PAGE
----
He believes in Kingdom Come, when all the colors bleed into one, but he's not paying taxes. That's the message from U2's lead singer Bono to the Irish people. The filthy rich frontman insisted this week that the Irish Government don’t have a problem with the band avoiding paying tax on their billions in Ireland.

Having moved their publishing arm to the Netherlands with its more favorable tax arrangements in 2006, Bono admits it was done in a bid to pay substantially less tax.

Stung by an uptick in criticism, Bono insisted it isn’t hypocritical for the band to not pay tax despite Irish Social Protection Minister Joan Burton recently claiming it is 'not acceptable.'

Instead of focusing on his own tax decisions, Bono spoke of the Irish government's instead: 'At the heart of the Irish economy has always been the philosophy of tax competitiveness. Tax competitiveness has taken our country out of poverty,' he said.

'People in the revenue accept that if you engage in that policy then some people are going to go out, and some people are coming in.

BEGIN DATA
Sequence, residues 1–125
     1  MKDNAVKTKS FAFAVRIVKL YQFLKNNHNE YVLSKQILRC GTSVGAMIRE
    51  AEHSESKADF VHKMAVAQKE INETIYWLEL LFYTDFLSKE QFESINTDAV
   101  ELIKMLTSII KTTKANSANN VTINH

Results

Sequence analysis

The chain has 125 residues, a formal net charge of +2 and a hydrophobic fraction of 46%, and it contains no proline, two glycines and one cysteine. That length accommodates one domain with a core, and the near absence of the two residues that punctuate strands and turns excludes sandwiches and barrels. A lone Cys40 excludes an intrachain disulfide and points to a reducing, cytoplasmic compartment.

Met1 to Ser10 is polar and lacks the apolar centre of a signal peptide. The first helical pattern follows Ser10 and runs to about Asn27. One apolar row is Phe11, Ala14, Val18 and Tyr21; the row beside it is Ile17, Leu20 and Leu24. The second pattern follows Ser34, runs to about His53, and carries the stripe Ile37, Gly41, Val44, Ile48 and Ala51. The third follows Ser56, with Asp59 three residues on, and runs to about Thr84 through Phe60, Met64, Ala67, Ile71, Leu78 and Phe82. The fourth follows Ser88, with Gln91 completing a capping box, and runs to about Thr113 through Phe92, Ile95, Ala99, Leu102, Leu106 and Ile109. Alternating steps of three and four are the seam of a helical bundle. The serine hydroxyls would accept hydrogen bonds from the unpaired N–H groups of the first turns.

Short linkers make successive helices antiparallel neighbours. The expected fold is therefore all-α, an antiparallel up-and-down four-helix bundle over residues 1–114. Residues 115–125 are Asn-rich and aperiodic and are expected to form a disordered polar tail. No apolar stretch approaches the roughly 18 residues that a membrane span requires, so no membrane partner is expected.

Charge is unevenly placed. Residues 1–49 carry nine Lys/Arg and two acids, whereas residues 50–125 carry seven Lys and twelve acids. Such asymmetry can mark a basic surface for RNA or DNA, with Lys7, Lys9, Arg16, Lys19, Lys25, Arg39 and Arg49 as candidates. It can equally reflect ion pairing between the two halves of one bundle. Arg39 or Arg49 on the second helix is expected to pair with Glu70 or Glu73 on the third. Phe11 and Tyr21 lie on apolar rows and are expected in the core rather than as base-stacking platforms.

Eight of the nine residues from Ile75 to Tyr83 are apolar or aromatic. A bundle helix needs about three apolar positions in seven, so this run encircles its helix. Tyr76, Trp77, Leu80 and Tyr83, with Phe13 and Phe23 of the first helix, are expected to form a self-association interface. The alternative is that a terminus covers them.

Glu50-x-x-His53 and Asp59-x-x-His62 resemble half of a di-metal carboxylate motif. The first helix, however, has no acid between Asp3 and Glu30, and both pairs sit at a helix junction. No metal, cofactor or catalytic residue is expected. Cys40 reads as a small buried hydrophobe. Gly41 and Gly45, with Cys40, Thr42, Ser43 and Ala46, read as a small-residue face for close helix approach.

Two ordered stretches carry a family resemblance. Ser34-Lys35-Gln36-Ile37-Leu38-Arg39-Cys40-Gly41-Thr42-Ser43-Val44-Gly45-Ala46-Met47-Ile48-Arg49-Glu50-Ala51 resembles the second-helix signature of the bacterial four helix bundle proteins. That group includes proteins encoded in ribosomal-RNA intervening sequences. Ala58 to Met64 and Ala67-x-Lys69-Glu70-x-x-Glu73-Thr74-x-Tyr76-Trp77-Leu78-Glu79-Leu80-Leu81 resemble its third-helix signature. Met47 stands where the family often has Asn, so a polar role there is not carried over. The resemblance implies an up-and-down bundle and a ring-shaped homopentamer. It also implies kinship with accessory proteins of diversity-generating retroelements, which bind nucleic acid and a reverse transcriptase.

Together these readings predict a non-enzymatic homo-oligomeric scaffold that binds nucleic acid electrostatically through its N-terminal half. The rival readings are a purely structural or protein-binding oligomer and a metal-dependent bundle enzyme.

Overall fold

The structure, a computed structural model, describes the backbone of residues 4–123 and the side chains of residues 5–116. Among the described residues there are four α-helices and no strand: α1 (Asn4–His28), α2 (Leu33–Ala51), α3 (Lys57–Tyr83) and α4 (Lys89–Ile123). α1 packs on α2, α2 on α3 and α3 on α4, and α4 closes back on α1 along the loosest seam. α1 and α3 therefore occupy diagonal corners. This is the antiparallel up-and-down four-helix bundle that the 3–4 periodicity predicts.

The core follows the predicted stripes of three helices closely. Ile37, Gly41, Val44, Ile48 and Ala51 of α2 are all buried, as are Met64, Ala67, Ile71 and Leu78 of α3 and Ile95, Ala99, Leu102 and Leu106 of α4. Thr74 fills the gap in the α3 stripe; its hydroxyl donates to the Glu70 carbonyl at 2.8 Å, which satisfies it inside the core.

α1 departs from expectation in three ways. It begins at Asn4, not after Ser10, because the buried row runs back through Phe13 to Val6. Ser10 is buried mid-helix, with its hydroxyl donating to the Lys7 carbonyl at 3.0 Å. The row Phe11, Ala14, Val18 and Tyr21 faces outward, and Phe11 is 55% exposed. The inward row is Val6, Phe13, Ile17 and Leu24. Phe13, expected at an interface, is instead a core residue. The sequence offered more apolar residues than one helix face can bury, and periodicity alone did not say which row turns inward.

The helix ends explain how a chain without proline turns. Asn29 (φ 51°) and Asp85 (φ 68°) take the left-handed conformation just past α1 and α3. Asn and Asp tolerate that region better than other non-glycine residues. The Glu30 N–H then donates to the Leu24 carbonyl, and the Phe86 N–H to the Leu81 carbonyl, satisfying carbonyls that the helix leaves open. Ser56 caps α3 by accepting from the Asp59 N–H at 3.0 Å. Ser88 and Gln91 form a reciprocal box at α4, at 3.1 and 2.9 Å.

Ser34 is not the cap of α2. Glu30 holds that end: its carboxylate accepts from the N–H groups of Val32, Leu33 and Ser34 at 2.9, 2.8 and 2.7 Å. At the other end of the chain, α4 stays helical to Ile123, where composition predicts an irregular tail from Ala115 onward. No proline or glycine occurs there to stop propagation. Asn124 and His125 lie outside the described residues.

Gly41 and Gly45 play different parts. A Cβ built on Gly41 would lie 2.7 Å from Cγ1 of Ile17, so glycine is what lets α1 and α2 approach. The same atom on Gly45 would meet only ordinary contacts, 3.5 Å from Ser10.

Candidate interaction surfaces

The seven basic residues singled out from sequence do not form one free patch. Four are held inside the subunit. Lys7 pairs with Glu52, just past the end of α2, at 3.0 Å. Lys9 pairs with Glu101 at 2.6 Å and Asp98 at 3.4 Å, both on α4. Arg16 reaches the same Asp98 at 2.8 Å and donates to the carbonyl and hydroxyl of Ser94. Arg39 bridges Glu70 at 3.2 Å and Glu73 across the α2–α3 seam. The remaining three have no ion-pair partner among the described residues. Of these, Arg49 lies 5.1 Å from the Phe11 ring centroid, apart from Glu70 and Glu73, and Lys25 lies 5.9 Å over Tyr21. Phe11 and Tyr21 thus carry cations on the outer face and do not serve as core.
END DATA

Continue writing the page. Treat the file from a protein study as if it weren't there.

'It has been a successful policy. On the cranky left that is very annoying, I can see that. But tax competitiveness is why Ireland has stayed afloat.

'When the Germans tried to impose a different tax regime on the country in exchange for a bailout, the Taoiseach said they would rather not have the bailout. So U2 is in total harmony with our government’s philosophy.'

Admitting that some critics 'probably have a point' to blast their tax arrangements, Bono said they should focus on commitment to aid work in Africa instead.

'I think for many reasons people have taken a dislike to our band and to me. This is another one. I have worked as an activist for all my adult life, and I think overall that no one can doubt we have been pretty effective.'

According to the Irish Mirror Bono revealed that U2 handed over $14 million from their last tour to the African charity RED, but he insisted will never give away all of their cash.

'But you do not end poverty by alms,' Bono continued. 'It is a structural thing. You know I am quite often in a pub in wherever, and put up against a wall by people who have quite simplistic ideas about how to end poverty. And I listen, and then I try to get on with what I do.'

You will not end Ireland's financial crisis by an unexpected U2 tax windfall, he made clear.